Revised chamber scoring (1978): 126.96.36.199-0.1.0.0-strings(188.8.131.52.0)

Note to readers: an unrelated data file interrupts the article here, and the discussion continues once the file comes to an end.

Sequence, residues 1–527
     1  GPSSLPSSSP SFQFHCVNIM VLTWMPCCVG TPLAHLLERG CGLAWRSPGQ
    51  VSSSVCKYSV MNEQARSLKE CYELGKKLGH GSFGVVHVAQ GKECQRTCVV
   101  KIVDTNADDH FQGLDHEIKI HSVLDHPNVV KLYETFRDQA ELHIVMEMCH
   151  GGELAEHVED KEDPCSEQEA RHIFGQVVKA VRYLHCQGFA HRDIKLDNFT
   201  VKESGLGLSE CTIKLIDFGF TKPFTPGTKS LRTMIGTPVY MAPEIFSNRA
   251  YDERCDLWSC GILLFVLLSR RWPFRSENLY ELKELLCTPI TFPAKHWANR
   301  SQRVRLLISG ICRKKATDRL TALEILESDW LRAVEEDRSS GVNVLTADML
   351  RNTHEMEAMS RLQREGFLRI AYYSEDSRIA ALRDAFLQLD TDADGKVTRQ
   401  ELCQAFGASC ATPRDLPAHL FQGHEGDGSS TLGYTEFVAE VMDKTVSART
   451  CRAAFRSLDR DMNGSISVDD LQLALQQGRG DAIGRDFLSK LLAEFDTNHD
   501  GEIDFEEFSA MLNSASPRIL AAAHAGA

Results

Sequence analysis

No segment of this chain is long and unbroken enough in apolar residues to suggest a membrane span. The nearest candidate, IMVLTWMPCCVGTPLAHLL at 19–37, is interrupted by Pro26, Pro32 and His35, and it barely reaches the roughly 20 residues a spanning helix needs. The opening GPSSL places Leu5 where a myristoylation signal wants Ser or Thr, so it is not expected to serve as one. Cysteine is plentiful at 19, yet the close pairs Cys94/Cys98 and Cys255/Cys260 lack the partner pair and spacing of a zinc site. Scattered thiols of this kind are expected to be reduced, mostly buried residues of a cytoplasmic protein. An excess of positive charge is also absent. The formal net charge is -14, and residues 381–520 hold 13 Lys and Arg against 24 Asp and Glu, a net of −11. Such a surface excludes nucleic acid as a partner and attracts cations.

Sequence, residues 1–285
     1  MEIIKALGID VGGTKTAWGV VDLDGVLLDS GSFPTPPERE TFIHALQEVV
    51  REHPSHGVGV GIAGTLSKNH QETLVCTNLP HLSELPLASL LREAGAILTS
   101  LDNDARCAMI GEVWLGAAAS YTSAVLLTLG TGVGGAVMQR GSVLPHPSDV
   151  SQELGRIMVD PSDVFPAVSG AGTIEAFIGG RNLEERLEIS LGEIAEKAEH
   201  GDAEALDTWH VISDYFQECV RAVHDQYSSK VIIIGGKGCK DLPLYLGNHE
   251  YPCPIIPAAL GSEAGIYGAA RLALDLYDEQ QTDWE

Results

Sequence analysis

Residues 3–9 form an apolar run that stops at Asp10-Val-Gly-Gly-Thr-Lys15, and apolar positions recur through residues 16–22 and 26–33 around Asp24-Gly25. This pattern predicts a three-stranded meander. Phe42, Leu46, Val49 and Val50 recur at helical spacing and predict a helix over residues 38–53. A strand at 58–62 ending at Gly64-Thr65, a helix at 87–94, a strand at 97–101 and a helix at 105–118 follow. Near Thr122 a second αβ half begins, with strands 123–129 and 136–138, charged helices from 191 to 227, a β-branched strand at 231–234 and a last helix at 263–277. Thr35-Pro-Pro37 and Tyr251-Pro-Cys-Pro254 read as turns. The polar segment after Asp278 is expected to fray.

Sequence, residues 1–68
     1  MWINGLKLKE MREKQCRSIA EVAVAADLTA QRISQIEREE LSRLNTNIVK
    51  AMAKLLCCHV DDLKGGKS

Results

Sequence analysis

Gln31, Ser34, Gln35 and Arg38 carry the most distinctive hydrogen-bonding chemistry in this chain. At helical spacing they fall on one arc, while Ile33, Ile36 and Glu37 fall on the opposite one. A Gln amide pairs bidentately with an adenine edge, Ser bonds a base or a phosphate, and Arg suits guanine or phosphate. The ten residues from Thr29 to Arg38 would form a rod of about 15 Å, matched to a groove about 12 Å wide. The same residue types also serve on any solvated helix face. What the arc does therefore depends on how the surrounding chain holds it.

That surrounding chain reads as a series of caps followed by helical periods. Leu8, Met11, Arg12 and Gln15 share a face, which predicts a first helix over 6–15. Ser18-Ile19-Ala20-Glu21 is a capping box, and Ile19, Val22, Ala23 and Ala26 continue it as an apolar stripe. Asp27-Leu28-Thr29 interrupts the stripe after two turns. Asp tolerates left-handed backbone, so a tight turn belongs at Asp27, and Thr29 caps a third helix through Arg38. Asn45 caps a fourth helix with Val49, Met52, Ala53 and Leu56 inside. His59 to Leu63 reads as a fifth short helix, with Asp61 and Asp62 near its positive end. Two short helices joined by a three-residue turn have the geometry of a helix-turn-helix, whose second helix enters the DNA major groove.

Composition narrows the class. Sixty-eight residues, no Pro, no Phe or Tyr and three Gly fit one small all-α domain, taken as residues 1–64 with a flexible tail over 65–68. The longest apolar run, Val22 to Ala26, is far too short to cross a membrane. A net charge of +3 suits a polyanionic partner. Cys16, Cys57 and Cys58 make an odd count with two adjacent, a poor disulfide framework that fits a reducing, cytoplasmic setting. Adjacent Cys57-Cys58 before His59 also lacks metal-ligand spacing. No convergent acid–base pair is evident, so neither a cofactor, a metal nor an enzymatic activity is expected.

Maître Pathelin, a lawyer, and his wife Guillermette are discussing their straitened circumstances. He tells her that notwithstanding their poverty he will locate some fine Brussels cloth. He sets off for the draper's shop, where he flatters the owner, Guillaume, and is given some cloth on credit. The draper can come to collect the money from his home. Back at Pathelin's house, his wife is thrilled with the cloth but wonders how they will pay for it. Pathelin instructs her: he will go to bed, and when Guillaume calls she will say that he has been ill for weeks and never left home. The draper arrives, and is informed of Pathelin's illness but begs to differ: he has only just sold him some cloth. Guillermette stresses that the moment of her husband's illness is no time for jokes. Pathelin pretends to believe Guillaume to be a doctor, and himself to be dying, and eventually the draper leaves without his cash. Back in his shop, the draper berates a shepherd who has had charge of his sheep and killed them. The shepherd rushes off to find a lawyer and goes to see Pathelin, who takes the case and advises his client to reply to all questions in court by bleating. At the trial, Guillaume is amazed to see Pathelin defending the shepherd and keeps mixing up his two grievances, one regarding cloth, the other sheep. The shepherd confuses matters further by bleating incessantly. The judge dismisses the case, but when Pathelin asks for his fee all the shepherd does is bleat.